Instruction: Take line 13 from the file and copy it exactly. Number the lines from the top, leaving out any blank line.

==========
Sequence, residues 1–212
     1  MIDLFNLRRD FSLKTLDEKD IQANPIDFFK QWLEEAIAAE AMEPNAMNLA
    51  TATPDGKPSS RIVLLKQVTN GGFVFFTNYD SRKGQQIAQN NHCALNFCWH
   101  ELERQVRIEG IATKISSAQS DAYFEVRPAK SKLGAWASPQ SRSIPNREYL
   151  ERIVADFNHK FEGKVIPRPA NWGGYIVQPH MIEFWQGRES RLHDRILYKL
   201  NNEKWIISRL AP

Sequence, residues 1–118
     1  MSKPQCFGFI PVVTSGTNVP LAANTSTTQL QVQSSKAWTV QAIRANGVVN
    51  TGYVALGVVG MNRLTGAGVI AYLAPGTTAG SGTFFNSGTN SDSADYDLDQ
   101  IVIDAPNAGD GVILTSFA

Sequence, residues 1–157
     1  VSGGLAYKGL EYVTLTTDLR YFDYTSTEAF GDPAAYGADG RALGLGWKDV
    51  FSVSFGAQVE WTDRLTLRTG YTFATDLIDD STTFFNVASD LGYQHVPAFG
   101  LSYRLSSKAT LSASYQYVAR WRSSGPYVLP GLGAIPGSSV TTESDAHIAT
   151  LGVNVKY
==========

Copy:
    51  FSVSFGAQVE WTDRLTLRTG YTFATDLIDD STTFFNVASD LGYQHVPAFG